|18 May 2022
|Till, West Bank
On 18 May 2022, a 17-year-old minor from Till was arrested by Israeli soldiers from home at 2:30 a.m. He reports ill-treatment including 13 days in solitary confinement as well as being denied his full legal rights under Israeli military law. He was sentenced to 6 months in prison and fined NIS 3,000.
I was already awake when Israeli soldiers banged at our front door at around 2:30 a.m. I woke my parents up and my father opened the door. About 10 soldiers entered our home.
The commander ordered me and my 22-year-old brother to sit in the living room and ordered the rest of the family, my parents, my three sisters and my 10-year-old brother, to go to another room. He asked to check our identity cards and our mobile phones. He took my identity card and my phone and then took me outside after giving my father a document with details about my arrest. They made my father sign the document.
Once outside the soldiers tied my hands to the front with one plastic tie which was not painful. The soldiers led me up a nearby hill for about a kilometer. About half-way along the hill one of the soldiers blindfolded me. I was taken to a nearby military base where I was left in an outdoor area. A military commander came by and talked to me without informing me of my rights. He accused me of throwing stones and told me such acts were wrong. He also accused me of contacting someone in Gaza.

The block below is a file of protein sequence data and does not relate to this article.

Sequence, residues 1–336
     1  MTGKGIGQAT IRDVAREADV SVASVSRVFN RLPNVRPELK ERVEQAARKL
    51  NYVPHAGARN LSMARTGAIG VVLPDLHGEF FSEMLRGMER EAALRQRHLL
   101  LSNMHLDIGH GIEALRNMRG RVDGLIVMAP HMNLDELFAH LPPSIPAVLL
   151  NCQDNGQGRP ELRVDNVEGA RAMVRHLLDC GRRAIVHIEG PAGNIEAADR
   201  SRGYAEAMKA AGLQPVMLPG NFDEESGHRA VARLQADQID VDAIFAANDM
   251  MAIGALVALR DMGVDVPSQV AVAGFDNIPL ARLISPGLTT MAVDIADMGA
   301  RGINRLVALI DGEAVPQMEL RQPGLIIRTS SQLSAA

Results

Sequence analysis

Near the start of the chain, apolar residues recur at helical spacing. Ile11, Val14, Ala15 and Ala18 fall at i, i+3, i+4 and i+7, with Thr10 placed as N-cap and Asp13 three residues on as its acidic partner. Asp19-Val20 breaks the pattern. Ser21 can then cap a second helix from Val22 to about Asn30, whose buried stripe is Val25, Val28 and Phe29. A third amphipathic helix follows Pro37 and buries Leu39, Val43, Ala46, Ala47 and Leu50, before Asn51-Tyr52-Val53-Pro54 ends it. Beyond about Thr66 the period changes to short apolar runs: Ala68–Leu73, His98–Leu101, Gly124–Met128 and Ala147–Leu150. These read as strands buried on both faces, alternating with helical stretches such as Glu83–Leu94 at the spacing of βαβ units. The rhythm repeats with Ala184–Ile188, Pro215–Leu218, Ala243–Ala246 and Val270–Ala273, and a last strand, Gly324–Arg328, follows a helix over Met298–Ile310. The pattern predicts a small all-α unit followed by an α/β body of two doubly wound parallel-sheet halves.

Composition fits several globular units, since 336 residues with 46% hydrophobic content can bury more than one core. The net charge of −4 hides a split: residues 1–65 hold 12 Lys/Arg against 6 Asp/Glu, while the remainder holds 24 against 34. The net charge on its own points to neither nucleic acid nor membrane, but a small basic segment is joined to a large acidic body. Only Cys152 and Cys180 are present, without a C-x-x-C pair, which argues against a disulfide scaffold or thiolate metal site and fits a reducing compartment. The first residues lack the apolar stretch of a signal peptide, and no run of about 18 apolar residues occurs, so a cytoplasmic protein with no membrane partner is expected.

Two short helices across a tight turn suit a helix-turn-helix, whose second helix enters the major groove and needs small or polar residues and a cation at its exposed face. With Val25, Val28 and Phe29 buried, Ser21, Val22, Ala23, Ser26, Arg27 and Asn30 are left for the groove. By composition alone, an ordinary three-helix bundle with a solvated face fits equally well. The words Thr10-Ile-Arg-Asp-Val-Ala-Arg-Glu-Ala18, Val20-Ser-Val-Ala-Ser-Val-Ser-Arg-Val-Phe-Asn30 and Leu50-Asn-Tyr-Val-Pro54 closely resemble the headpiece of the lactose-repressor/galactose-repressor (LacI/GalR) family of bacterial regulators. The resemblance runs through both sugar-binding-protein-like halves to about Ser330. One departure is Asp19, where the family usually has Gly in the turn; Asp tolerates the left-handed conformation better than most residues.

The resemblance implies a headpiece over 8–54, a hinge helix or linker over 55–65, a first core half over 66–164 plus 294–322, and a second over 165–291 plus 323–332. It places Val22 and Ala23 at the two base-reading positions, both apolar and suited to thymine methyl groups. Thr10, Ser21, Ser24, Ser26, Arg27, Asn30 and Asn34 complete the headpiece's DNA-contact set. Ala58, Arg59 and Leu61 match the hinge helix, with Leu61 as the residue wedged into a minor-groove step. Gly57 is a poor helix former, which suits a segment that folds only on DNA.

Later I was taken to Huwwara military base, near Nablus. On the way a soldier kicked me in my back and head. Along the way we stopped someplace where I was given a quick medical examination. When we arrived at Huwwara I was strip searched before being taken to a cell with one other boy.
I was left in the cell for about two hours before being taken to another room which had CCTV cameras. I was left in this cell by myself until around 5:00 p.m. the following day. I was given some food and drink and a guard removed the tie and the blindfold.
The next day I was taken to Petah Tikva interrogation centre, inside Israel. I was strip searched before being taken to a cell where I waited for about 30 minutes before being interrogated.
The interrogator was a woman. She was in civilian clothes. She handed me a document written in both Arabic and Hebrew about my rights. It said I had the right to speak to a lawyer and that I could not answer her questions but that might raise a suspicion against me. It also said I had the right to remain silent. She asked me whether I wanted to speak to a lawyer and I told her there was no need.
First, she asked me how I was. She wanted information about two people from my village whom she named. She was calm and urged me to tell her what I had done because she did not want to keep me there for too long. She questioned me for about an hour and towards the end she started to shout at me. She accused me of throwing stones. I denied the accusation and banged the table in protest. At that point two guards came and took me to a cell. I was not asked to sign any documents.